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Carefoot v. County of Kern

United States District Court, E.D. California

July 11, 2019

PRISCILLA CAREFOOT, et al., Plaintiffs,
v.
COUNTY OF KERN, et al., Defendants.

          FINDINGS AND RECOMMENDATIONS GRANTING APPROVAL OF THE COMPROMISE ON BEHALF OF MINOR PLAINTIFF J.H. [1] (DOC. 49)

          JENNIFER L. THURSTON, UNITED STATES MAGISTRATE JUDGE

         In this action, J.H. by and through his guardian ad litem, Priscilla Carefoot, claimed injuries due to being removed from Carefoot's custody for almost two months. The Plaintiffs seek the Court's approval for the settlement. (Doc. 49.) Because the Court finds the proposed settlement of the child's claims to be fair and reasonable, the Court recommends that the minor's compromise be approved.[2]

         I. Factual and Procedural History

         On or about February 9, 2014, J.H. was placed with Priscilla Carefoot in foster care. (Doc. 36 at 8.) Beginning in 2014, Carefoot sought to become J.H.'s adoptive parent. (Id. at 9.)

         In July 2015, Carefoot received a placement of three-month-old M.K. (Id. at 11-12.) M.K. “proved to be a medically fragile baby, and despite lack of any training in handling a medically fragile baby, Priscilla did her best to care for the infant.” (Doc. 49 at 2.) However, both M.K. and J.H were removed from Carefoot's custody on September 10, 2015. (Doc. 36 at 17-21.) J.H. was returned to Carefoot on November 4, 2015[3]. (Id. at 24.) About a year later, the adoption of J.H. was formally approved. (Id. at 26.)

         At the time that J.H. was removed from her care, Plaintiff claims that the child “had already bonded with plaintiff's family since he was seven months old.” (Doc. 49 at 2-3.) Plaintiffs claimed that “[a]s a result of the conduct of Defendants, Plaintiffs have suffered severe, pervasive, and ongoing emotional distress and psychological harm, which Defendants inflicted on Plaintiff intentionally and with reckless disregard for the same.” (Doc. 36 at 27.)

         On May 17, 2019, Plaintiff filed a notice of settlement indicating that the parties reached a settlement. (Doc. 46.) Accordingly, the Court ordered the parties to file a petition for approval of the minor's compromise. (Doc. 47.) On June 18, 2019, the Plaintiffs filed a petition for approval of the minor's compromise. (Doc. 48.) Plaintiffs filed a duplicative petition on June 21, 2019. (Doc. 49.) The Court entered an order denying Plaintiffs' first petition for approval of a minor's compromise as duplicative. (Doc. 50.)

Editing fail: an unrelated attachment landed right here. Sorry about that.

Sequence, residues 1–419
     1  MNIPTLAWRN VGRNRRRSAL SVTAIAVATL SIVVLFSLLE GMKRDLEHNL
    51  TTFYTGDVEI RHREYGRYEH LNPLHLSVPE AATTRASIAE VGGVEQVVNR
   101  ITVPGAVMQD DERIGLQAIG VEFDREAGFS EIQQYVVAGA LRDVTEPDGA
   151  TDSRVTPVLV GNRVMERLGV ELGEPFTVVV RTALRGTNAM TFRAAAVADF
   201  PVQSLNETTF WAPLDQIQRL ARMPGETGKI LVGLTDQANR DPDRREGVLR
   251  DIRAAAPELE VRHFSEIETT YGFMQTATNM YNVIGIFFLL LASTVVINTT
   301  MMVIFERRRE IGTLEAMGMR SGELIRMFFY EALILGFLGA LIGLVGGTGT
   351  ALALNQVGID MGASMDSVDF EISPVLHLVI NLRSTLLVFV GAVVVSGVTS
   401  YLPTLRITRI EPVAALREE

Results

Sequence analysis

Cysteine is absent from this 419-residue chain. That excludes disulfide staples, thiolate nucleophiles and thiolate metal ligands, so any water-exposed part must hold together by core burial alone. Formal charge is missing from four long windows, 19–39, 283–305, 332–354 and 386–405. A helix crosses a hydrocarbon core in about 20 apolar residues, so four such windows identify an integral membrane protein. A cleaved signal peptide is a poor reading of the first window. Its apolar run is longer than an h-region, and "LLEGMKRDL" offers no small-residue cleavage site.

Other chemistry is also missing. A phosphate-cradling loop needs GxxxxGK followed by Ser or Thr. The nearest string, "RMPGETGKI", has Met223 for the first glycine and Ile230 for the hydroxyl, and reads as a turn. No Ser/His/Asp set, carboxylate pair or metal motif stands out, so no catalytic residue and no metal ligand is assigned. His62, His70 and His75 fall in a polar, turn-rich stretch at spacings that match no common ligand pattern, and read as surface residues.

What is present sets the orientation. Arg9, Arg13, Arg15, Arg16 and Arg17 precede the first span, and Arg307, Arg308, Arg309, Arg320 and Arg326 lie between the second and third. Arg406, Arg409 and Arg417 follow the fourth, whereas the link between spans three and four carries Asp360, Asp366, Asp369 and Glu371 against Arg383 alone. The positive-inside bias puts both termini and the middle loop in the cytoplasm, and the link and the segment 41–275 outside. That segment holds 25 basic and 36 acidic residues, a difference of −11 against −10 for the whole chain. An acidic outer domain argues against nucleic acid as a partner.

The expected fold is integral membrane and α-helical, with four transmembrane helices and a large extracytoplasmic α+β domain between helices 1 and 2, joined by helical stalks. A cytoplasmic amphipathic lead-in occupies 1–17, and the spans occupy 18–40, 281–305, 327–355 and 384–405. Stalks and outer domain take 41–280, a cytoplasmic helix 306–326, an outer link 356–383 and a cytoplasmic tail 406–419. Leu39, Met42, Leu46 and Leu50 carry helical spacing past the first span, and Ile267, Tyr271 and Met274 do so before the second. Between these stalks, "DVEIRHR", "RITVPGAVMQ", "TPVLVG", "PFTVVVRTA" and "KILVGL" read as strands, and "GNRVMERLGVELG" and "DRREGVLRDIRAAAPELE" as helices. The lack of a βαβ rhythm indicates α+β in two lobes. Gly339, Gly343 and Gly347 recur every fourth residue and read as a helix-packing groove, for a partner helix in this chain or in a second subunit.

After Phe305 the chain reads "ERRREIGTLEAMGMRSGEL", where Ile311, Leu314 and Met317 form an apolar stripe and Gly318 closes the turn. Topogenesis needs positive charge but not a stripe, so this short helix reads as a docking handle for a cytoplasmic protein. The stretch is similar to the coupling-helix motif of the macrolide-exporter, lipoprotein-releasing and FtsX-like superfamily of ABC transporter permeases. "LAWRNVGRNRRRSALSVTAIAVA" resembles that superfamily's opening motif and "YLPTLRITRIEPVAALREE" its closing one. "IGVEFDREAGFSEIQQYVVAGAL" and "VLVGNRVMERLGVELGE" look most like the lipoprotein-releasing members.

II. Settlement Approval Standards

         No settlement or compromise of “a claim by or against a minor or incompetent person” is effective unless it is approved by the Court. Local Rule 202(b). The purpose of requiring the Court's approval is to provide an additional level of oversight to ensure that the child's interests are protected. Toward this end, a party seeking approval of the settlement must disclose:

the age and sex of the minor, the nature of the causes of action to be settled or compromised, the facts and circumstances out of which the causes of action arose, including the time, place and persons involved, the manner in which the compromise amount . . . was determined, including such additional information as may be required to enable the Court to determine the fairness of the settlement or compromise, and, if a personal injury claim, the nature and extent of the injury with sufficient particularity to inform the Court whether the injury is temporary or permanent.

Local Rule 202(b)(2).

         The Ninth Circuit determined that Federal Rule of Civil Procedure 17(c) imposes on the Court the responsibility to safeguard the interests of child-litigants. Robidoux v. Rosengren, 638 F.3d 1177, 1181 (9th Cir. 2011). Thus, the Court is obligated to independently investigate the fairness of the settlement even where the parent has recommended it. Id. at 1181; see also Salmeron v. United States, 724 F.2d 1357, 1363 (9th Cir. 1983) (holding that “a court must independently investigate and evaluate any compromise or settlement of a minor's claims to assure itself that the minor's interests are protected, even if the settlement has been recommended or negotiated by the minor's parent or guardian ad litem”). Rather than focusing on the amount of fees to be awarded, the Court must evaluate whether the net amount to the child is fair and reasonable “without regard to the proportion of the total settlement value designated for adult co-plaintiffs or plaintiffs' counsel” and “in light of the facts of the case, the minor's specific claim, and recovery in similar cases.” Robidoux, 638 F.3d at 1181-1182.

         III. Discussion and Analysis

         The petition for approval of the settlement reached on behalf of the child J.H. sets forth the information required by Local Rule 202(b)(2). J.H. is a minor, presently six years old. (Doc. 49 at 4.) J.H. has lived with Plaintiff Priscilla Carefoot from February 9, 2014 until the present time, excluding the time he was removed from Carefoot, from September 10, 2015 through November 4, 2015. (Id.) J.H.'s adoption was finalized on October 7, 2016. (Id.) Plaintiff, through his guardian ad litem, ...


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